The message of the cross is foolishness to those who are perishing, but to those who are being saved it is the power of God.
- I Corinthians 1:18
If God sent his son to die for the sins of the world, as the Bible claims and Christians believe, why did it have to be on a cross? Wasnt death by any means enough?
When the Apostle Paul told the Corinthian Church that the cross was foolishness to those who didnt believe it (I Corinthians 1:18-25), he was speaking from historical knowledge. In Bib-lical terms, when Jesus lived on earth there were only two kinds of people, Jews and Greeks (Gentiles), and neither group was looking for a Messiah like Jesus. The Jews were expecting someone spectacular to rescue them from Roman rule; the Greeks, if they had wanted a Messiah, would have insisted that he be eloquent, wise, and nothing close to human.
The Jewish leaders always doubted that Jesus was the Son of God, and his crucifixion confirmed their suspicions. Didnt the Scrip-tures say, If a man is put to death and his body is hung on a tree, he is under Gods curse (Deuteronomy 21:22-23)? When speaking of the crucifixion, the words cross and tree are used interchangeably in the Bible. Thus, the way Jesus died convinced them he could not have been the Messiah.
For 2,000 years the cross has received much interest and devotion. Today we erect them, wear them, and bow in reverence before them. Artists paint them, poets describe them, and hymn writers turn words about the cross into songs such as At the Cross, Beneath the (Old Rugged) Cross, and In the Cross of Christ I Glory. Here are the stories behind two of those hymns:
Following the early deaths of their parents, Elizabeth Cleph-ane and her sisters grew up in Scotland in the care of relatives. Elizabeth was sickly, but because she used her limited strength to care for others, she was also the one they called the sunbeam.
Elizabeth was an avid Bible student and poet, too. Her poem, Beneath the Cross of Jesus, displays both her knowledge of the Scriptures and her love for her Lord. Sadly, Elizabeth would never hear her poem sung, for, like her parents, she died very young, a year before organist, Frederick Maker, composed the tune that accompanies the beautiful hymn we still sing today.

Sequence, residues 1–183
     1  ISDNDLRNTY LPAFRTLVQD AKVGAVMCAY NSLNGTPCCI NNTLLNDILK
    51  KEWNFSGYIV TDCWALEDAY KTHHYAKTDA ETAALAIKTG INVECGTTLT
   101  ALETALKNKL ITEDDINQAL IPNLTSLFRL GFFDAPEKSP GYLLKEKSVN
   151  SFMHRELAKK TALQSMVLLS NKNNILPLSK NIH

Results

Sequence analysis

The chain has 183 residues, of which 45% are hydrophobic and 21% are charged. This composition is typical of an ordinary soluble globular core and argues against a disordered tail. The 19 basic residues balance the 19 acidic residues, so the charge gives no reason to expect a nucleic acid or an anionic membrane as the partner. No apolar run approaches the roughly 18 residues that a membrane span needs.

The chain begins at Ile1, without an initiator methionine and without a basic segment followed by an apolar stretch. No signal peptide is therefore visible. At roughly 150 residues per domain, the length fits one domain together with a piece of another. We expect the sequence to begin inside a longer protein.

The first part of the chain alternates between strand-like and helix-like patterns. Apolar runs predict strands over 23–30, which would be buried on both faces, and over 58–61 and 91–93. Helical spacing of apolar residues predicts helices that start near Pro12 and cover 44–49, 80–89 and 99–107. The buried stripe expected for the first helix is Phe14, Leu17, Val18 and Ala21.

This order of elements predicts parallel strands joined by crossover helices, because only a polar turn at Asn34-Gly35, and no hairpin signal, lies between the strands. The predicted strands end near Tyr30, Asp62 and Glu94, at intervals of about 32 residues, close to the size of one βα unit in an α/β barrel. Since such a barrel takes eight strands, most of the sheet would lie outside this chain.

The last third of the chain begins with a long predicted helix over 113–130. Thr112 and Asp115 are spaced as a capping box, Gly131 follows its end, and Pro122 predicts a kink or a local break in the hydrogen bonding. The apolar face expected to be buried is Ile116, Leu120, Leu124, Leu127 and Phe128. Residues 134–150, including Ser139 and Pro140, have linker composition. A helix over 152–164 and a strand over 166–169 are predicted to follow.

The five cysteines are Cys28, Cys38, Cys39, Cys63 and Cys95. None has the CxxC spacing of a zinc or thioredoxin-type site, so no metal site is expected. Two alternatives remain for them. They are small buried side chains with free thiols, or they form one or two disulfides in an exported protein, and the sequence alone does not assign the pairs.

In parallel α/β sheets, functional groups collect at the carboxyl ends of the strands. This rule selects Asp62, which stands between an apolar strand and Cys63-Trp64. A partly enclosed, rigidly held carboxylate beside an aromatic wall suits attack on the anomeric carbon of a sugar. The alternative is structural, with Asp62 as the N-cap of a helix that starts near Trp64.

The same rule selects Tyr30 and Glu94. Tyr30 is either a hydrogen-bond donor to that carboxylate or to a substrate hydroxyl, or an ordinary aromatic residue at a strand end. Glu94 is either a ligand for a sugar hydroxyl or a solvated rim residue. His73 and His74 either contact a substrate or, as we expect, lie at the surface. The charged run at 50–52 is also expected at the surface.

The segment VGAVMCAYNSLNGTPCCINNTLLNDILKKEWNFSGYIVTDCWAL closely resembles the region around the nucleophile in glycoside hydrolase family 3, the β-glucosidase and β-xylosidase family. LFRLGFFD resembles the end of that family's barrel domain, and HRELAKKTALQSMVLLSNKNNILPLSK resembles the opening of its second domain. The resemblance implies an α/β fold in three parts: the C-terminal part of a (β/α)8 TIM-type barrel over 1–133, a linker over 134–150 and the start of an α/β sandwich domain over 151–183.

John Bowring was considered the worlds greatest linguist in the 19th century. He mastered five languages by the time he was 16, and could converse in dozens more before he died. Yet, in spite of his work as a translator, statesman, philanthropist and author of 36 volumes of published works, he is best known today for the words to the hymn, In the Cross of Christ I Glory, which are inscribed on his tombstone.
We might still be singing Bowrings poem to a cumbersome, unpleasant tune, however, if Connecticut organist and choir master Ithamar Conkey hadnt had a bad day. It was a Lenten Sunday and, to Conkeys chagrin, only one choir member, a Mrs. Rathbun, showed up for the service. He was so angry that he left the service in disgust after playing only the prelude.
By afternoon he was filled with remorse. He took out his hymnbook and read the words to Bowrings hymn. Before the evening service, which he did attend, Conkey had composed the delightful tune we use today. And what did he call his tune? Rathbun, in honor of the faithful choir member.
The cross is far more than a beautiful symbol, and hymns about the cross more than pleasant tunes. During Lent, or anytime we wear the symbol or sing the hymns, like those who brought these hymns to us, may our devotion to the One who hung there for us increase. The cross may be foolishness to some, but to those who believe its purpose it is the power of God unto (our) salvation (Romans 1:16).
(Barbara Seaborn is a local free-lance writer. E-mail comments to firstname.lastname@example.org.)
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